Signs Of Physical Abuse Being Inflicted On The Elderly
Many of us here in Nevada trust our elders to the care of a nursing home. Sadly, elderly patients and residents are subjected to relatively high levels of physical abuse in nursing home environments. They are one of the most vulnerable populations for abuse, since they are often at the completely mercy of those who care for them. Many patients may have mental impairments that make it difficult for them to understand what is happening, or to tell loved ones about the abuse that’s taking place. In some cases the family has to monitor the elder to finally confirm that physical abuse is happening at the group facility.
It’s important to be on the lookout for these signs so that you can act fast to prevent future abuse, keep your loved ones safe, and hold the abusers responsible.
What Does Elder Physical Abuse Look Like?
Elder physical abuse is defined as:
- any form of intentional physical harm that is inflicted on a resident and causes physical harm or trauma.
- the willful infliction of injury, unreasonable confinement, intimidation or cruel punishment with resulting physical harm, pain, or mental anguish or deprivation by a person, including a caregiver, of goods or services that are necessary to avoid physical harm, mental anguish, or mental illness
The abuse can take any number of forms, but the most common forms of abuse we see in our nursing abuse cases here in Nevada include:
- hitting, slapping, punching
- striking with objects
- rough or aggressive handling of the patient
- improper use of physical restraints
- improper use of chemical restraints
- sexual abuse, including indecent exposure, unwanted touching, and sexual assault
Sadly, those that have verbal or mental impairments are the most prone to this type of abuse, as abusers in these adult care facilities know to target victims who are less likely to speak out or fight back. Even patients who can still communicate are often afraid to speak out against their abusers, or they try to downplay their injuries to “not cause trouble”. It’s important that we empower and protect our elders, since the nursing home is legally obligated to provide safe and secure care. Failure to do so is negligence or maltreatment on the part of the staff!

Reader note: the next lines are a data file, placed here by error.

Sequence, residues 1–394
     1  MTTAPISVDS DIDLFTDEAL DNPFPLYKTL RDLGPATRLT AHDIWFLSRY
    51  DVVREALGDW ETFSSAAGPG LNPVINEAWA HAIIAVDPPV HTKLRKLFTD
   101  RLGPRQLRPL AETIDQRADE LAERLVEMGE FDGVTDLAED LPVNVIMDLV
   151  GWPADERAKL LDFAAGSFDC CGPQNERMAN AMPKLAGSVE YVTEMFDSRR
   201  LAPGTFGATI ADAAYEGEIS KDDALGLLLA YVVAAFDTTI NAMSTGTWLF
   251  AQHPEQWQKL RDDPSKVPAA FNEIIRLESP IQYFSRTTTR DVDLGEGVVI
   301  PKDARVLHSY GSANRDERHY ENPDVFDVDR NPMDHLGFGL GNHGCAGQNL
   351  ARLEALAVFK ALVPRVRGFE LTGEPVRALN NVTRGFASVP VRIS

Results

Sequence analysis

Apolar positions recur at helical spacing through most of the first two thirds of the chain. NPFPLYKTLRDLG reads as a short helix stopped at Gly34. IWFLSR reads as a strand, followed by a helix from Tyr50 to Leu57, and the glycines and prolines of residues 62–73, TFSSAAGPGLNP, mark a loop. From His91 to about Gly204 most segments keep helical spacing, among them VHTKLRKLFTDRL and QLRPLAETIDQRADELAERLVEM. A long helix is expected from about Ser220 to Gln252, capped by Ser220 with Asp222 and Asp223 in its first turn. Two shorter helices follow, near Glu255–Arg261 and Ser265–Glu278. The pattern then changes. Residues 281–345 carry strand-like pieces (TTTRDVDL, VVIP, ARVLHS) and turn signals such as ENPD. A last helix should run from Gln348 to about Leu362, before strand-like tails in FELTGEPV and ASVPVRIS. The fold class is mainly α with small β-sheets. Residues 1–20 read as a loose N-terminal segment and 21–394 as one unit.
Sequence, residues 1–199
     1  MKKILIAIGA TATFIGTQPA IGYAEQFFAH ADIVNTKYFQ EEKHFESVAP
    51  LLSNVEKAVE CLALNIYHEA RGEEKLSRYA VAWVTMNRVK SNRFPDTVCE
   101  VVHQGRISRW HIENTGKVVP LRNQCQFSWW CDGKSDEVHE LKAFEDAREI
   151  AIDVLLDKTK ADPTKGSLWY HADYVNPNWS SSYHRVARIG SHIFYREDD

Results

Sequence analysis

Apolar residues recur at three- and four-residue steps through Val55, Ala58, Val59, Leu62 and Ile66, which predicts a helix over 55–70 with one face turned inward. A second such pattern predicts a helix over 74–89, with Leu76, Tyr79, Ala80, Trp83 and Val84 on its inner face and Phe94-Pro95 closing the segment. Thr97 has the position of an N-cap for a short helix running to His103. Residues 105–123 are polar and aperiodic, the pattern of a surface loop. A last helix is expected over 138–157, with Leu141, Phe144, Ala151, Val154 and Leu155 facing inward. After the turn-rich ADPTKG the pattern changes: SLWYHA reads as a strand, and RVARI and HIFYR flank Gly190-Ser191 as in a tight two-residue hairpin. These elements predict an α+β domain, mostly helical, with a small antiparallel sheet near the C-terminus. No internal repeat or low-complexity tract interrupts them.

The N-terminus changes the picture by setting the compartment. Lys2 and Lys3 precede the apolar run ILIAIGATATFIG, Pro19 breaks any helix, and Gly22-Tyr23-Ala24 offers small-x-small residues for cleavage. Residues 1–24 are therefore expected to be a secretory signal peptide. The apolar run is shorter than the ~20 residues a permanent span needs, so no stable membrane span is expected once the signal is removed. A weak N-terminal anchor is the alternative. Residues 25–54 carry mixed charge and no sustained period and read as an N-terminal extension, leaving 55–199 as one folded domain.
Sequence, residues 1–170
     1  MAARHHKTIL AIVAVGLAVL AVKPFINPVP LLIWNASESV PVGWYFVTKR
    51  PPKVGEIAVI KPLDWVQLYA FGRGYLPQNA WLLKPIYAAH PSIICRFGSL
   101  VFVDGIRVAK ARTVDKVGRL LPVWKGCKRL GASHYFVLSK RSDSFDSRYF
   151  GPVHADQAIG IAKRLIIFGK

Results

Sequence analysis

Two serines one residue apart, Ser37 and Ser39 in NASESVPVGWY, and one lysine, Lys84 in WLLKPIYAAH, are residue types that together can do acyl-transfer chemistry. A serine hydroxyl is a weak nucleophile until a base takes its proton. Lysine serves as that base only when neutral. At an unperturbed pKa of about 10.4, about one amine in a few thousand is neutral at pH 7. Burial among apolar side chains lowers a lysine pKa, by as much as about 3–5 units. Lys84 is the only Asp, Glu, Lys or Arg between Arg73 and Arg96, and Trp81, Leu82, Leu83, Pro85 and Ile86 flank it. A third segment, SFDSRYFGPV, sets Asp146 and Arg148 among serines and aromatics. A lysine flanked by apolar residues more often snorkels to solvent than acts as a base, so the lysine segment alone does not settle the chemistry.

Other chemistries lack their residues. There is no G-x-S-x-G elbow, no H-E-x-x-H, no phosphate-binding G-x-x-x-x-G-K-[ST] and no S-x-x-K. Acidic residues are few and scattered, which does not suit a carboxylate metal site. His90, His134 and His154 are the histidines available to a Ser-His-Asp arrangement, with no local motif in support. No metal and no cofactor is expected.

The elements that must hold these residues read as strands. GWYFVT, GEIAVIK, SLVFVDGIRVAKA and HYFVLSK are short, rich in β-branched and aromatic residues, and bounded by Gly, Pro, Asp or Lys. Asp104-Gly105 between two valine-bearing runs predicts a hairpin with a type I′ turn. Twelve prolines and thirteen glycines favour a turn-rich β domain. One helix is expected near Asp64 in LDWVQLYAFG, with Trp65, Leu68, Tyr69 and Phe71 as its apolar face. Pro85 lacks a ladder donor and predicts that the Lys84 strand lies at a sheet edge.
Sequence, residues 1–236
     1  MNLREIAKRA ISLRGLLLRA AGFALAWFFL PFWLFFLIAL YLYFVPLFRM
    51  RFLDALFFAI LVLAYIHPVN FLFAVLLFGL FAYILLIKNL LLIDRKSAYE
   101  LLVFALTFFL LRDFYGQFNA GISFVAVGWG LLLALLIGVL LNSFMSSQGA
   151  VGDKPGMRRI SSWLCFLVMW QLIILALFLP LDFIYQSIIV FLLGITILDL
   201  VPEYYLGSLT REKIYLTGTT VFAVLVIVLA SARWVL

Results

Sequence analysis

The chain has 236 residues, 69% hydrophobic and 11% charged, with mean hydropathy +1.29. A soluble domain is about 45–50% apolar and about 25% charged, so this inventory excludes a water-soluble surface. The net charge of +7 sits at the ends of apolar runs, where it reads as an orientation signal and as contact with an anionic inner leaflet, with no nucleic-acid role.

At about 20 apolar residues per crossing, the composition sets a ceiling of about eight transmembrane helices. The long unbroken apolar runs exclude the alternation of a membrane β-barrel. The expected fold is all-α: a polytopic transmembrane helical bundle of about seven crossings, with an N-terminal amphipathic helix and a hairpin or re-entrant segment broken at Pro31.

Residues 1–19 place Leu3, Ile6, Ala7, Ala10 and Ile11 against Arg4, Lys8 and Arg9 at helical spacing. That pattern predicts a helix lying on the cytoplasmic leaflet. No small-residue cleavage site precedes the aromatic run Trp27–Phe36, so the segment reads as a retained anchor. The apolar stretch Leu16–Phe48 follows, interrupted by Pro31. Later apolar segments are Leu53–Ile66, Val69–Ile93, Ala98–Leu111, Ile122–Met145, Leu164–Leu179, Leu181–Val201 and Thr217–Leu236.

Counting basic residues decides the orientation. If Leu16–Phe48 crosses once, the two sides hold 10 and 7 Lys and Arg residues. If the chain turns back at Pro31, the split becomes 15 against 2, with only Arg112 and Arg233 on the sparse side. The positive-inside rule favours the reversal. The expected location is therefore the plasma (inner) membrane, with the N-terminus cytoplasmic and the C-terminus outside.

If you are a family member of a patient in elder care, there are a few signs you can look out for to see if physical abuse is taking place.
- Explaining away various injures. Your loved one may be trying to justify unusual injuries to keep you from worrying, or the staff or certified nurse assistants may attempt to explain the injuries as a result of a slip and fall. Of course our elders are naturally more vulnerable for slip and fall risk (which is covered under a different type of case, a slip and fall injury a.k.a. premises liability case), but when this occurs too frequently it can be a sign that something isn’t right.
- Flinching away from certain people or movements. One of the most common forms of abuse is by striking the patient, since even a hard slap to the face or body is very unlikely to leave a mark unless it is done with extreme force. Since there are no physical signs visible, try to notice if your loved one becomes extremely uncomfortable when certain staff enters the room, or when there are sudden movements close to their face and body.